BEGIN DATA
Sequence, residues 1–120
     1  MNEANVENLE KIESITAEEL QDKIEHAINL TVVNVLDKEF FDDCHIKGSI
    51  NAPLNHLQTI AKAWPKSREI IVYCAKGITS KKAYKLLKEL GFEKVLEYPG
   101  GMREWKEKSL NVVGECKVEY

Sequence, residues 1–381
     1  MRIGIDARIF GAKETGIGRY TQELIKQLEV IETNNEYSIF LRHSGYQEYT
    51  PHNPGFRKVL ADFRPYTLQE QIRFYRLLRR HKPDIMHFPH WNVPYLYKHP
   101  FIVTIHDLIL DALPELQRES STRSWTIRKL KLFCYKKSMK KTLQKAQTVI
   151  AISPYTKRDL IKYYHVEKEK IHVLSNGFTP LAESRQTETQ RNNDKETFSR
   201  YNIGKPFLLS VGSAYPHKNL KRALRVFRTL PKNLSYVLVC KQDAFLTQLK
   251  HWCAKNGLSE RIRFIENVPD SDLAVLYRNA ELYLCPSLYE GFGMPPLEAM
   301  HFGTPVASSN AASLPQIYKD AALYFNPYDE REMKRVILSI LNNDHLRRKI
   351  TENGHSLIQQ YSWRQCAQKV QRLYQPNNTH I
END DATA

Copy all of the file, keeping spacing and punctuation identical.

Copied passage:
Sequence, residues 1–120
     1  MNEANVENLE KIESITAEEL QDKIEHAINL TVVNVLDKEF FDDCHIKGSI
    51  NAPLNHLQTI AKAWPKSREI IVYCAKGITS KKAYKLLKEL GFEKVLEYPG
   101  GMREWKEKSL NVVGECKVEY

Sequence, residues 1–381
     1  MRIGIDARIF GAKETGIGRY TQELIKQLEV IETNNEYSIF LRHSGYQEYT
    51  PHNPGFRKVL ADFRPYTLQE QIRFYRLLRR HKPDIMHFPH WNVPYLYKHP
   101  FIVTIHDLIL DALPELQRES STRSWTIRKL KLFCYKKSMK KTLQKAQTVI
   151  AISPYTKRDL IKYYHVEKEK IHVLSNGFTP LAESRQTETQ RNNDKETFSR
   201  YNIGKPFLLS VGSAYPHKNL KRALRVFRTL PKNLSYVLVC KQDAFLTQLK
   251  HWCAKNGLSE RIRFIENVPD SDLAVLYRNA ELYLCPSLYE GFGMPPLEAM
   301  HFGTPVASSN AASLPQIYKD AALYFNPYDE REMKRVILSI LNNDHLRRKI
   351  TENGHSLIQQ YSWRQCAQKV QRLYQPNNTH I